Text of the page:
The Origins of Noir: The Case for the Policier

“Renoir’s second talkie, La Nuit du carrefour (1932)— my all-time favorite French noir, and the sexiest movie he ever made…  his edgy adaptation of Georges Simenon’s Maigret at the Crossroads, filmed in a foggy suburb that vibrates with off-screen sounds and a mysterious Danish heroine (Winna Winifried), cries out for discovery.” – Jonathon Rosenbaum

In 1931 Georges Simenon’s crime novel La Nuit du Carrefour was published by the French pulp magazine Police Magazine:

La Nuit De Carrefour (1932)

In 1932 Jean Renoir in his second film adapted the story for the screen:

La Nuit De Carrefour (1932) La Nuit De Carrefour (1932)

La Nuit De Carrefour (1932) La Nuit De Carrefour (1932)

La Nuit De Carrefour (1932) La Nuit De Carrefour (1932)

5 thoughts on “The Origins of Noir: The Case for the Policier”

  1. Tony, I watched this film three weeks ago, and I can’t quite see where Rosenbaum is coming from. There’s no question the film has style and brooding cinematography, but the narrative is oddly truncated. (reportedly as a result of some lost footage, if that is actually true) I watch attentively, but found it sometimes tedious, though I will absolutely watch it a second time. Of course I do love Renoir, though the noirish LA CHIENNE is a greater film than CARREFOUR. French noirs by Allegret, Dassin and Mellville rate higher for me, but as I say I do need another viewing. As usual, great caps here!

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  2. Sam, I first read the Maigret novel nearly 30 years ago and though not initially connecting the film with the novel I had read, after the first few minutes the element of mystery in the film was lost – but it was still very satisfying.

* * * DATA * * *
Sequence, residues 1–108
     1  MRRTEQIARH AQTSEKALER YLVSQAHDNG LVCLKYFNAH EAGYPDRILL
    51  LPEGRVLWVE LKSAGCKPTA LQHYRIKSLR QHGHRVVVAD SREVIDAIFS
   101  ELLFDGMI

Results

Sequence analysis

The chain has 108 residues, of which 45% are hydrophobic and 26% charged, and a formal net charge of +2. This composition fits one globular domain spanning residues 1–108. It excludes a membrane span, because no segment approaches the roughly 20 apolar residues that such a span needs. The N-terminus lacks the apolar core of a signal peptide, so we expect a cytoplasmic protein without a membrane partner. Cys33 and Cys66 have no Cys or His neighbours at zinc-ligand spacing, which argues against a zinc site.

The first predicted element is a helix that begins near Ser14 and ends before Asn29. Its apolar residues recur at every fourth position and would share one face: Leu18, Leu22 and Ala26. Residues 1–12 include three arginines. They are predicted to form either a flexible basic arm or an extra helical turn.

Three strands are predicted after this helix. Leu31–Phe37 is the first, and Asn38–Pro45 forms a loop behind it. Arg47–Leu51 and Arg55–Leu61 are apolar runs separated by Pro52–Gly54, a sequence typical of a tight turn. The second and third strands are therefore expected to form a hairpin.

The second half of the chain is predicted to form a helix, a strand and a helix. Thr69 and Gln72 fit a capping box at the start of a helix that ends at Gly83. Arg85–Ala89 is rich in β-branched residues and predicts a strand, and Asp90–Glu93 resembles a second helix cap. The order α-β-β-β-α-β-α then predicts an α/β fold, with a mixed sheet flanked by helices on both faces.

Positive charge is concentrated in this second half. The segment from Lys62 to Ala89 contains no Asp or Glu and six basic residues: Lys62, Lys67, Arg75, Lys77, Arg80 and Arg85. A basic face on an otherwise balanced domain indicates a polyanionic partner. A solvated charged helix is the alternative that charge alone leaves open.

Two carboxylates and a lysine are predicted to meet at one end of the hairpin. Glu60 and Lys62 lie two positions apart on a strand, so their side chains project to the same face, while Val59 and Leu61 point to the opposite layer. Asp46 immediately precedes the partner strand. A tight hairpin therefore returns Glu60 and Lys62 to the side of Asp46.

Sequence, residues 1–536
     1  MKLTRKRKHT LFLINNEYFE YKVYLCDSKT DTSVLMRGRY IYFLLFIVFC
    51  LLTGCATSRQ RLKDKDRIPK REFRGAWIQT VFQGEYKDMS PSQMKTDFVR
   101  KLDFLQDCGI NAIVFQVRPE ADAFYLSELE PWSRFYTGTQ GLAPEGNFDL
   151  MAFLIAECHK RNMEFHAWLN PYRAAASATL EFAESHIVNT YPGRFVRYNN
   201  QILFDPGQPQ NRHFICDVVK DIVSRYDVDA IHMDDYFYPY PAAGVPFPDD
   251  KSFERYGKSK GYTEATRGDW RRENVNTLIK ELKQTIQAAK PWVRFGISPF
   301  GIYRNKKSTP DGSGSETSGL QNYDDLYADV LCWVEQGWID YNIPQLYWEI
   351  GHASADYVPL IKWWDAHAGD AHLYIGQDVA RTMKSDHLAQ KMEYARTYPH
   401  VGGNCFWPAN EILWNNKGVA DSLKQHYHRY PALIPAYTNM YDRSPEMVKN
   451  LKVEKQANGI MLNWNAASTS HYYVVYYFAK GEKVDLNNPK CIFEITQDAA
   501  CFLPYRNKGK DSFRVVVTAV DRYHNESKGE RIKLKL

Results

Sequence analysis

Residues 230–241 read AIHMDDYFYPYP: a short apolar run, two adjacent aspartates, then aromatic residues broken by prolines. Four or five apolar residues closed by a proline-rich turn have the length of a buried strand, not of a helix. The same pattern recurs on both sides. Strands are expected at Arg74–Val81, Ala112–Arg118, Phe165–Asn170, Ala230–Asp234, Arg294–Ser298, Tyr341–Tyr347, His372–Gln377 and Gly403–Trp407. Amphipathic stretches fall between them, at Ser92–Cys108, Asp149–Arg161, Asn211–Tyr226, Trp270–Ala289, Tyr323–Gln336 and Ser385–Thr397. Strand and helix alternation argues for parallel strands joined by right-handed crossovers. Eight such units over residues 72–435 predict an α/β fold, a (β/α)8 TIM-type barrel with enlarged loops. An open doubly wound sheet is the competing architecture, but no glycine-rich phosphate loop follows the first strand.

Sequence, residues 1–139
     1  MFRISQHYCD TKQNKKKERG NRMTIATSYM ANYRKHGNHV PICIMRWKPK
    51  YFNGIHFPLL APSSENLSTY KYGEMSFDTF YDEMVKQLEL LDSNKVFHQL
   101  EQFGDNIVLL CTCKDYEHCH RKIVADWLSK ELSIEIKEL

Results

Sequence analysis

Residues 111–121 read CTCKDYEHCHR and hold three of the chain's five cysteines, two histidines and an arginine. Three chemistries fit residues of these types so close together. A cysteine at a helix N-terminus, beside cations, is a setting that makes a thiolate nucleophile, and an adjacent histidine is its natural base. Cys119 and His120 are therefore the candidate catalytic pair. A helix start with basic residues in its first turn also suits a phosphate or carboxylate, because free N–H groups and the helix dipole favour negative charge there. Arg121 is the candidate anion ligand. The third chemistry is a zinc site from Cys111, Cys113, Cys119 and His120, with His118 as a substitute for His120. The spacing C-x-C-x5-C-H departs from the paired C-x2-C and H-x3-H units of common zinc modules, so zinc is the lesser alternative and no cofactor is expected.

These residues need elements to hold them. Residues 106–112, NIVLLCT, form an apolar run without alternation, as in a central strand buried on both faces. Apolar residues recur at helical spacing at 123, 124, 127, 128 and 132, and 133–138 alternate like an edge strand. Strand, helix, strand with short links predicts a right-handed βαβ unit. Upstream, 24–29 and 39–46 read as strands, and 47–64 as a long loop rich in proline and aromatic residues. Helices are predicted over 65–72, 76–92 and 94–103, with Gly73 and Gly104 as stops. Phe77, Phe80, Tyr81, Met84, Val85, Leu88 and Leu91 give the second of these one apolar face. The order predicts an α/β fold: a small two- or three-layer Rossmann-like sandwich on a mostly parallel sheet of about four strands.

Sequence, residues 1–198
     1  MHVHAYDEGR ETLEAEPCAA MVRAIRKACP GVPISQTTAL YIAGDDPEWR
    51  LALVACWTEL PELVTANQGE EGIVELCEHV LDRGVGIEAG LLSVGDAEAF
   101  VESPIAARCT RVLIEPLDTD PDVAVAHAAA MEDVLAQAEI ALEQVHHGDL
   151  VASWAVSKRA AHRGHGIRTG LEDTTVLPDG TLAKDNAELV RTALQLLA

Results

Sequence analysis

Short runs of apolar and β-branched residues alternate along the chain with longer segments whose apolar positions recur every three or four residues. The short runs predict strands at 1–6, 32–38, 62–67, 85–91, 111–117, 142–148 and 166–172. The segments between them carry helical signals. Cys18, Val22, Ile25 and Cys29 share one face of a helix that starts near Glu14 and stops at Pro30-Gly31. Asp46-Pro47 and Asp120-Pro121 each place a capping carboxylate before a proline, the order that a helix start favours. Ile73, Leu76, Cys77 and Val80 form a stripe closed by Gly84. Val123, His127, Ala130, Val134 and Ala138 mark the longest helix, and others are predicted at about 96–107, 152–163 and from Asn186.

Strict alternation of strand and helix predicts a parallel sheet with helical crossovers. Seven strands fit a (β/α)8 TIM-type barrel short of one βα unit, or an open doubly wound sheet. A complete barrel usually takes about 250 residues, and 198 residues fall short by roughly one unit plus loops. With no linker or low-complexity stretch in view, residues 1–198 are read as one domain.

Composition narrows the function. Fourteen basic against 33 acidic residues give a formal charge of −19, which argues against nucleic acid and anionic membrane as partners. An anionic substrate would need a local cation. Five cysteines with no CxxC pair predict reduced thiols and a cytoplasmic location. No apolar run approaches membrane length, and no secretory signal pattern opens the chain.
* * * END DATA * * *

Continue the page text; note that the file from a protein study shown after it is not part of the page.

I can understand your view on the fractured narrative and I had some initial problems with this also. But as you say the seeds of poetic realism are there. The car chase at night is brilliant, and you want Winna Winifried to be in every scene – she is stunning and her turn is so delicious! While in the book Else has more depth and is certainly less screwy, I think I prefer her screwy and sexy! Time Out refers to Else as a femme-fatale, but that is a stretch. The reviewer also says the rough edges come from Renoir running out of cash before completion. Others prefer the story put about by Godard that some footage is missing.

    But a video of Renoir introducing the film for a French TV broadcast is telling: : http://www.ina.fr/media/entretiens/video/CPF86635736/la-nuit-du-carrefour.fr.html. Renoir describes Else as a ‘bizarre gamin’ and said he deliberately exaggerated the obscurity of the story to create an atmosphere of mystery.

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  3. Hi Tony, La nuit du carrefour is indeed a great film. I read your poem on Winna Winfried. It’s very good. You describe her sensuality very well. I wonder what became of this actress. She seems to have vanished.
    Another very good French film based on Simenon’s Feux rouges is Cédric Kahn’s film of the same name.
    By the way, are you on Facebook?

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    1. Thanks Peter. Yes, Winfried is beguiling and her fate a tantalising mystery. She made a handful of other movies, but so far I have not managed to track any of them down. I will have to check out Feux rouge- thanks. I am on Facebook but not active.

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